Maurice Ferre, 46, Miami's Puerto Rican-born mayor, won a fifth term yesterday, defeating Manolo Reboso, who had urged voters to "vote Cuban" in an emotion-charged race.

With all precincts reporting, Ferre held a 55.9 percent to 44.1 percent lead, taking 31,285 votes to Reboso's 24,722. Election officials said about 53 percent of the city's 112,644 voters turned out.

In Albuquerque, N.M., former mayor Harry Kinney, 57, was elected mayor for a second, non-consecutive term today, defeating radio and television personality Gordon Sanders in a non-partisan runoff.

With all precincts reporting, Kinney had 40,871 votes, or 53.8 percent, to Sanders' 35,045, or 46.2 percent.

In Miami, Reboso had courted the 40,000 Hispanic voters, while Ferre counted on backing from the city's 33,000 black voters and a majority of the others. A heavy turnout of black voters--as much as 60 percent in some areas--gave Ferre his victory. Ferre won many black precincts by 5-to-1 margins. Reboso, a Bay of Pigs veteran, ran strongly among Latin voters. The Anglo vote went slightly for Reboso.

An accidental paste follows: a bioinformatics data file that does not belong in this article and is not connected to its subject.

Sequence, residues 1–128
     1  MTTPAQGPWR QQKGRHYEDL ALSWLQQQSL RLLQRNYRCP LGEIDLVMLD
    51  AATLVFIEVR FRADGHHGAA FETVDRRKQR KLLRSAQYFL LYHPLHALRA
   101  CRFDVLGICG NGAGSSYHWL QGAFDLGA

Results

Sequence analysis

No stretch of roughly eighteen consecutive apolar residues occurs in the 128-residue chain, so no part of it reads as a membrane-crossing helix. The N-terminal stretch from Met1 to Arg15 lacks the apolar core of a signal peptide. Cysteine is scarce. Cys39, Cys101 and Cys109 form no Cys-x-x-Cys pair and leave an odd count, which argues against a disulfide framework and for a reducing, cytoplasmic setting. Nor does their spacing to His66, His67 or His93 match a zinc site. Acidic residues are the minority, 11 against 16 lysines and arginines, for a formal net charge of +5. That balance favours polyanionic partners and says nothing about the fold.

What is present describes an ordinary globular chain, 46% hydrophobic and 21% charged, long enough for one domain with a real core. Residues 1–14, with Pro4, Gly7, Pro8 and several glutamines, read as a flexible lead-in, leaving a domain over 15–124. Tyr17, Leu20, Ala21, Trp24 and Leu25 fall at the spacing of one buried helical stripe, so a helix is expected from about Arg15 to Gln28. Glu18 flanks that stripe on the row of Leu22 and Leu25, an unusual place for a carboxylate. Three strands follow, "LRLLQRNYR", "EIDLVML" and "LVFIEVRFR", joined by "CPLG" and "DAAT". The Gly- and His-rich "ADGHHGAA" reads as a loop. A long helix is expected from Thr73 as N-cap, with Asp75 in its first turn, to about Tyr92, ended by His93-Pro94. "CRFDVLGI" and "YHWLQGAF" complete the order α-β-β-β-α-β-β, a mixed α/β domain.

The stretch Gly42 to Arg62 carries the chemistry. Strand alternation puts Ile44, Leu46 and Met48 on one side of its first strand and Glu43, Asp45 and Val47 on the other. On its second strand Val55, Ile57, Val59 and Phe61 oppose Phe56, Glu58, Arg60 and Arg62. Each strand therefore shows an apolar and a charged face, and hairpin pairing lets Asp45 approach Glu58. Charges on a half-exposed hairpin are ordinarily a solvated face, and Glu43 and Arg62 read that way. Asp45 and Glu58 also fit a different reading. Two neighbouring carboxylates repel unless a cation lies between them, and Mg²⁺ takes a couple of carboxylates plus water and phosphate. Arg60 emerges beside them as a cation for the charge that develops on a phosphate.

Ferre and Reboso spent more than $600,000 for a two-year, largely ceremonial job that pays only $6,000 a year.

Meanwhile, in Trenton, N.J., Republican Thomas H. Kean, grasping the slimmest margin of any candidate for governor in the state's history, claimed victory over Democratic Rep. James J. Florio.

"I am the winner," Kean told supporters while fighting back tears. "I am the governor of the state of New Jersey."

A full seven days after the polls closed, figures reported to the state from 20 of New Jersey's 21 counties gave Kean a 1,740-vote margin over Florio, a four-term congressman. The edge represented .07 percent of the more than 2.2 million votes cast.

Kean's lead was nibbled to 1,656 votes once uncertified results from Essex County were included.